What ho, gentle reader! Ever paged your way through a huge, sprawling 19th-century French novel and wondered...
    What's so noteworthy about the number eighteen?
        What does Theocritus have to do with Cosette's taking a stroll on a breezy day?
            Who in Hell is Ugolino?
                We take a stab at these questions, and more, in...

a n n o t a t i n g
Victor Hugo's
L E S    M I S É R A B L E S

Begun Feb. 6, 1998
new/updated: May 17, 2001
new/updated: Jul. 19, 2001
new: Aug. 3, 2001
new/updated: Aug. 6, 2001
new/updated: Jul. 14, 2003

Note 1: This is not meant to be an authoritative or certifiably scholarly work on the subject--this is a presentation of gathered information, the correctness of which I do my best to verify.

Note 2: Any brief quotations (I have no intention of reproducing significant portions of the text here--for reasons of respecting copyright, and for practical use of space) are taken from Les Misérables by Victor Hugo, translated by Isabel F. Hapgood. This version can be found at the University of Virginia Library, Electronic Text Center and other sites; it has been chosen for this page primarily because it's publicly accessible. No profit is being made from these "annotating" pages.

Note 3: I've barely begun. As you can see, I've simply picked a starting point--not entirely at random--and will build from there. Additions and corrections are always welcome. Proper credit will be given, of course.

Note 3a: Arlene Harris has sent me some detailed info on the French incarceration systems of the time. I haven't yet been able to put this info onto this site, but in the meantime I would like to acknowledge her contribution.

With contributions by
    Lawrence Kwong
    Stephanie Tsulin
    Sheyna Watkins
    Larry Porter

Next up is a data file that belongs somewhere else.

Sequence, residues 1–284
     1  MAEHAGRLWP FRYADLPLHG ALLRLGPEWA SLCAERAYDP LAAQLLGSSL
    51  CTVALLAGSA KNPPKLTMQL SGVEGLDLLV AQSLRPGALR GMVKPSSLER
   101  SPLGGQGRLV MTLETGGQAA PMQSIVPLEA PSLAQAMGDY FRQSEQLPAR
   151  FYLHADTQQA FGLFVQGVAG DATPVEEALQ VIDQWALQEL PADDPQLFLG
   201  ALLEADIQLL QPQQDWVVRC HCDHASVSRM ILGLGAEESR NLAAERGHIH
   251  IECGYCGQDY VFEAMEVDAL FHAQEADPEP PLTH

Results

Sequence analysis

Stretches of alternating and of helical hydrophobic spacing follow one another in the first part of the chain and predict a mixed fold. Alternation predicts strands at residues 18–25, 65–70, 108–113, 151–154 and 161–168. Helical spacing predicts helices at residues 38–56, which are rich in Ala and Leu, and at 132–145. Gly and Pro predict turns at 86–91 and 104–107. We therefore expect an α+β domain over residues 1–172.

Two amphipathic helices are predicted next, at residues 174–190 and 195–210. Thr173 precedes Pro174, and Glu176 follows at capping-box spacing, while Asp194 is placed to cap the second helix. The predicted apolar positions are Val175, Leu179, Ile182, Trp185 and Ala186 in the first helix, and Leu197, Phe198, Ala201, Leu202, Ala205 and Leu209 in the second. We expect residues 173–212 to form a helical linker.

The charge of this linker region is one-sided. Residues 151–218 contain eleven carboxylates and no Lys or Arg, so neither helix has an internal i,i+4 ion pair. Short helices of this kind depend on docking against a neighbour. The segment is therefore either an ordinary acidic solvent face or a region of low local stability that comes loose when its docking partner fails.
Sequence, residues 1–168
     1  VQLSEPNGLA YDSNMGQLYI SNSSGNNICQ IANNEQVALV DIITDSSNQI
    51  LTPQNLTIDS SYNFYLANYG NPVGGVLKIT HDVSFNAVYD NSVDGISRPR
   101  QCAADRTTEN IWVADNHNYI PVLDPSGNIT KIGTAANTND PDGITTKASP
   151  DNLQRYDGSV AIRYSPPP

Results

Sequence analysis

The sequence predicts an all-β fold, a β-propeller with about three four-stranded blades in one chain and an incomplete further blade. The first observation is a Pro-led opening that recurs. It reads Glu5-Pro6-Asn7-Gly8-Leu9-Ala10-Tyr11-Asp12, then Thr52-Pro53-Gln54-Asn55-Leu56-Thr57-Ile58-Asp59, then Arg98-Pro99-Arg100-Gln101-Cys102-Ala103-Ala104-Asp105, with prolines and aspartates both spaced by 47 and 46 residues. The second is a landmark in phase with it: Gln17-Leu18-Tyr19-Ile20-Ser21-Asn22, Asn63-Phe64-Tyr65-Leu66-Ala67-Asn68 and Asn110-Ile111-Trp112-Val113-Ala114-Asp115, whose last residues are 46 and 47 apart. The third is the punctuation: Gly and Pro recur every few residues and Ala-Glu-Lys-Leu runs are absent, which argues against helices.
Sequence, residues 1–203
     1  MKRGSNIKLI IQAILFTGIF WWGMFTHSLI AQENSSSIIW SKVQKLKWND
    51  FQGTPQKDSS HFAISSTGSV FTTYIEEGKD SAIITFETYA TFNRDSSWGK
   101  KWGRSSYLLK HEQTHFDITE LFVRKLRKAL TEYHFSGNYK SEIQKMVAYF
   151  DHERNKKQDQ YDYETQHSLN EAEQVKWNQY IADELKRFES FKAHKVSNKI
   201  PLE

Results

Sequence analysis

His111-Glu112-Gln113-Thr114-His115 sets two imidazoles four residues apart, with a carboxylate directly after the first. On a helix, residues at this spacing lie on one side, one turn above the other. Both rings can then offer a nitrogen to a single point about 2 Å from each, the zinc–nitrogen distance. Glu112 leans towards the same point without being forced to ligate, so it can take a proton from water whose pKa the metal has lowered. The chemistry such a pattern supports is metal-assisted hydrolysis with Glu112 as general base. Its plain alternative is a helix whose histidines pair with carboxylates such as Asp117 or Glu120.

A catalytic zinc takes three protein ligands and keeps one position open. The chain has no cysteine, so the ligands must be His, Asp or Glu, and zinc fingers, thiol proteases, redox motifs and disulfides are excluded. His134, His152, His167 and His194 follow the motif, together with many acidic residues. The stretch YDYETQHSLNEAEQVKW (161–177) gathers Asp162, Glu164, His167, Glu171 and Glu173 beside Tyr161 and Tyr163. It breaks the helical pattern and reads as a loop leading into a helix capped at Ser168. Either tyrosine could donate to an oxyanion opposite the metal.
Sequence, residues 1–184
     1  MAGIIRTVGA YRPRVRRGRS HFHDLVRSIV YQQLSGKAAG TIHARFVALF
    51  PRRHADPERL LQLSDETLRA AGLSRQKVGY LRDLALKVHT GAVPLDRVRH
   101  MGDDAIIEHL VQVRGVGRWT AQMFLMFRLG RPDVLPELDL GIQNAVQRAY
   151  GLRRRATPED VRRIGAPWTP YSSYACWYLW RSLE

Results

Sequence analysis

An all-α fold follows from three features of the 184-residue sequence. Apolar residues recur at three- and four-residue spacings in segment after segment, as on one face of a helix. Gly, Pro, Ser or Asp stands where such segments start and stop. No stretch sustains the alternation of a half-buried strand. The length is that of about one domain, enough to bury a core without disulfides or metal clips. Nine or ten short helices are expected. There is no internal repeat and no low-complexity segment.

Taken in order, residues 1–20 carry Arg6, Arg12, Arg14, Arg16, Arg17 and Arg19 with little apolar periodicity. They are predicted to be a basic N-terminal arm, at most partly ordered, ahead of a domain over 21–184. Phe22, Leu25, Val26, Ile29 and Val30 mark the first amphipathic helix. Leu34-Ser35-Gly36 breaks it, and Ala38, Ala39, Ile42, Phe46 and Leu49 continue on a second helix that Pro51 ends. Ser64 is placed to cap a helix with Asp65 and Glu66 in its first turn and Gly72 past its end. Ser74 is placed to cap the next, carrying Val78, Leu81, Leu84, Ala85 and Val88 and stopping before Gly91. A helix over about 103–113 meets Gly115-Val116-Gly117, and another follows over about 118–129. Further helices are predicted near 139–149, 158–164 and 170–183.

Mike Ivanof
    Your name here

Volume III: Marius

Book Fourth: The Friends of the A B C
I. A Group which barely missed becoming Historic          updated
II. Blondeau's Funeral Oration by Bossuet
III. Marius' Astonishments
IV. The Back Room of the Cafè Musain
V. Enlargement of Horizon     updated
VI. Res Angusta

Book Fifth: The Excellence of Misfortune
I. Marius Indigent
II. Marius Poor     new
III. Marius Grown Up   updated
IV. M. Mabeuf
V. Poverty a Good Neighbor for Misery
VI. The Substitute

Book Sixth: The Conjunction of Two Stars
I. The Sobriquet: Mode of Formation of Family Names
II. Lux Facta Est
III. Effect of the Spring
IV. Beginning of a Great Malady
V. Divers Claps of Thunder Fall on Ma'am Bougon
VI. Taken Prisoner     updated
VII. Adventures of the Letter U Delivered Over to Conjectures
VIII. The Veterans Themselves Can be Happy

Book Seventh: Patron-Minette
I. Mines and Miners
II. The Lowest Depths
III. Babet, Gueulemer, Claquesous, and Montparnasse
IV. Composition of the Troupe

Book Eighth: The Wicked Poor Man
I. Marius, While Seeking A Girl In a Bonnet...
II. Treasure Trove     new
III. Quadrifrons     new
VI. A Rose in Misery     new
VII. A Providential Peep-Hole
VI. The Wild Man in His Lair        new     updated
VII. Strategy and Tactics     new     updated
VIII. The Ray of Light in the Hovel
IX. Jondrette Comes Near Weeping     new
X: Tariff of Licensed Cabs: Two Francs an Hour     new    updated
XI. Offers of Service from Misery to Wretchedness
XII. The Use Made of M. Leblanc's Five-Franc Piece    new
XIII. Solus Cum Solo, in Loco Remoto, Non Cogitabuntur Orare Pater Noster    new     updated
XIV. In Which a Police Agent Bestows Two Fistfuls on a Lawyer    new
XV. Jondrette Makes His Purchases    new
XVI. In Which Will be Found the Words to an English Air Which Was in Fashion in 1832    new
XVII. The Use Made of Marius' Five-Franc Piece    new
XVIII. Marius' Two Chairs Form a Vis-a-Vis    new
XIX. Occupying One's Self with Obscure Depths    new

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